Among whites (median age = 50.05 years), the minor allele frequency was 24.5% for rs2229116(G) and 22.7% for rs7177922(A). Neither SNP deviated from the Hardy–Weinberg equilibrium. Common cIMT was associated with rs2229116(G) (β = 0.27 ± 0.13, P = 0.05) in an additive model, consistent with the previous study. Further, the association seemed to be strongest earlier and decreased (β = 0.005 ± 0.002 per year, P = 0.045) as individuals aged (Table 1). The significant interaction of rs2229116 with age is quite important as the prevalence of atherosclerosis is increasing among younger HIV patients on treatment. However, the association of this SNP was not apparent in a smaller set of HIV-negative whites and the analysis was limited among African–Americans (only one individual with GG). The association with rs7177922 was not statistically significant but trended in the same direction. The linkage disequilibrium between the two SNPs was quite high, but slightly lower than in the previous study (r2 = 0.90 vs. 0.97). Of note, LD between these two SNPs differs significantly in various populations, ranging from 0.01 to 1.00 in the 11 HapMap populations, with the highest linkage disequilibrium in Japanese–Asians and lowest in Yoruban–Africans.

Table 1
Table 1
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RYR3 is a Ca2+ channel that mobilizes stored Ca2+ to initiate muscle contraction. RYR3 shares a high amino acid sequence identity (66–70%) with the RYR1 and RYR2 genes. The biological function and mechanism of the RYR3 gene is not as well known as RYR1 and RYR2. Only recently, RYR3 has been shown to be associated with few other diseases [14,15], but not with cardiovascular outcomes. On the contrary, RYR1/2 genes have been associated with various cardiovascular and heart-related mechanisms, thus it is very reasonable to speculate that the isoform RYR3 is biologically associated with cIMT. RYR3 is known to be coexpressed in Ca2+ signaling mechanisms in the cardiac and skeletal muscles [14] and studies have shown its role in endothelial vasodilation in the human arterial endothelial cells [16], which is compromised in atherosclerosis. Studies have suggested that Ca2+ release through RYR3 is involved in vasodilatation of vascular smooth muscle cells (VSMCs), and any alteration of this release pathway would affect VSMC contractility [17]. RYR is also upregulated in the aorta of atherosclerosis-prone mice compared with atherosclerosis-resistant mice [18]. In terms of HIV, Tat gene in HIV-1 has been shown to cause endothelial dysfunction inducing rapid loss of endoplasmic reticulum Ca2+ through the mediation of RYRs. It has also been reported that RYR3 is essential in the sustained Ca2+ response in T cells [19], the target cells of HIV.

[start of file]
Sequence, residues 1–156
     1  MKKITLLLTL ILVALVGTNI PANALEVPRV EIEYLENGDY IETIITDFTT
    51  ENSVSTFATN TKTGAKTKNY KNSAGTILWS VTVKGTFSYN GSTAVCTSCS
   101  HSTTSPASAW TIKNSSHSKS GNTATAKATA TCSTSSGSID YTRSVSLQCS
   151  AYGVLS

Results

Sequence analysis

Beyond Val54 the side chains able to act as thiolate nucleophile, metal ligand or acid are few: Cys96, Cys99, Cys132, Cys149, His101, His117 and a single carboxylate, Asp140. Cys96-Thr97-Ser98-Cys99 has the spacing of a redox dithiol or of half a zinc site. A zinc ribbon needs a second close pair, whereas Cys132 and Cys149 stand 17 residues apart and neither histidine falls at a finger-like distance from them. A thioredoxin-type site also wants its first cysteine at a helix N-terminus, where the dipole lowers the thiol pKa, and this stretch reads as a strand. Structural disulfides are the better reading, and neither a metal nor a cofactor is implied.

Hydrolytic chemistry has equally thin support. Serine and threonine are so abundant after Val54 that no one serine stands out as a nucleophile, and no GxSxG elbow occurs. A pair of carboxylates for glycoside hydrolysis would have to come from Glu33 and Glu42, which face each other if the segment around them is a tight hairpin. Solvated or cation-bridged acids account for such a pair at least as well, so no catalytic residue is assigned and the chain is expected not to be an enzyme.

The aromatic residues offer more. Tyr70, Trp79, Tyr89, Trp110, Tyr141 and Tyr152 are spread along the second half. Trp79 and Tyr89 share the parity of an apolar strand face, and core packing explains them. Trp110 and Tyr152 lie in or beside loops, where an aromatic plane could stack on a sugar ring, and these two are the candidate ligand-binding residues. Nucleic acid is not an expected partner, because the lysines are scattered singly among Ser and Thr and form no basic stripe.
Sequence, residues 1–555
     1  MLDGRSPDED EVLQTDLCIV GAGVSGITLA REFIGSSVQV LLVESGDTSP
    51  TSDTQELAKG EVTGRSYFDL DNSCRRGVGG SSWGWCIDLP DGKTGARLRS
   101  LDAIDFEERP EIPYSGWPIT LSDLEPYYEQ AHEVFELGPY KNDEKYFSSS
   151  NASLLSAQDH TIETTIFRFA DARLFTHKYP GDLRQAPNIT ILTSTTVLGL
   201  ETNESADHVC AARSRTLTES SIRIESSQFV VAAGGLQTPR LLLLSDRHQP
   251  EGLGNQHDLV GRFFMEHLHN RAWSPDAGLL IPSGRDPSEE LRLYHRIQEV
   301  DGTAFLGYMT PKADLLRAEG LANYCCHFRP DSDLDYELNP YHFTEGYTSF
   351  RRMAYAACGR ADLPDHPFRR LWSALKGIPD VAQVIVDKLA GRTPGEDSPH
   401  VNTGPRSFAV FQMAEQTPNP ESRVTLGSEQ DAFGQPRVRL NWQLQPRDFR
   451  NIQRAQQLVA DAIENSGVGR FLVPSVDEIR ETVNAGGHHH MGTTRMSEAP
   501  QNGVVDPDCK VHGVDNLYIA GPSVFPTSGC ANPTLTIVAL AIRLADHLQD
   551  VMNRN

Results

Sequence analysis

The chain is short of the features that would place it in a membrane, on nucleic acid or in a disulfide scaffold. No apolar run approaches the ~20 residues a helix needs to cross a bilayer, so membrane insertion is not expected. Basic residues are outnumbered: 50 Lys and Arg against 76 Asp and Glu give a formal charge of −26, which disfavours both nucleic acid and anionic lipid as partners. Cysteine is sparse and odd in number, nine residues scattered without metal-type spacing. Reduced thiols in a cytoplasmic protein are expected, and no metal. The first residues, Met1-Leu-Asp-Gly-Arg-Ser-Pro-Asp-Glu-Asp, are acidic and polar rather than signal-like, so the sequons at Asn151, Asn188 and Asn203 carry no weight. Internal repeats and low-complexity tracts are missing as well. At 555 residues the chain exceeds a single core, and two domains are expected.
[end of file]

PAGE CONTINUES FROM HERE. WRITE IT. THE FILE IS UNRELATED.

Here, we report a replication study of the previous finding with common cIMT, however, with different measurement methodologies and readers between the two studies [4,7]. Further investigation is required in other ethnic groups and HIV-negative individuals to differentiate whether the mechanism is driven through HIV infection and HAART or independently. One caution is that in other ethnic groups the frequency and the linkage disequilibrium pattern could vary in this large gene with 104 exons in chromosome 15q14–q15 of the human genome. As many as seven alternative spliced variants are known in RYR3[20]. Even with our results from this replication study, it is unclear whether this SNP is directly related to cIMT or serves as a surrogate of one or more causal variants in linkage disequilibrium. Further studies cataloguing the complete list of functional variants (rare and common) and how they might be associated with these SNPs are needed to better understand the molecular mechanisms underlying the contribution of RYR3 to atherosclerosis.

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Acknowledgements

Conflicts of interest

S.S. supervised the study design, analyses and wrote the manuscript. Q.Y. helped with the analysis. G.J. and J.J.M. designed the genetic assays and performed the genotyping. D.K.A. assisted with the expertise in cardiovascular outcome and L.A.K. assisted with the clinical data of the cohort and is the lead investigator of the cardiovascular substudy in MACS. All the authors participated in the writing and the reading of the article and have seen and approved the final version of the manuscript. The Pittsburgh site of the MACS was funded by the National Institute of Allergy and Infectious Diseases, with supplemental funding from the National Cancer Institute and National Heart Lung and Blood Institute: grant UO1-AI-35041.

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© 2012 Lippincott Williams & Wilkins, Inc.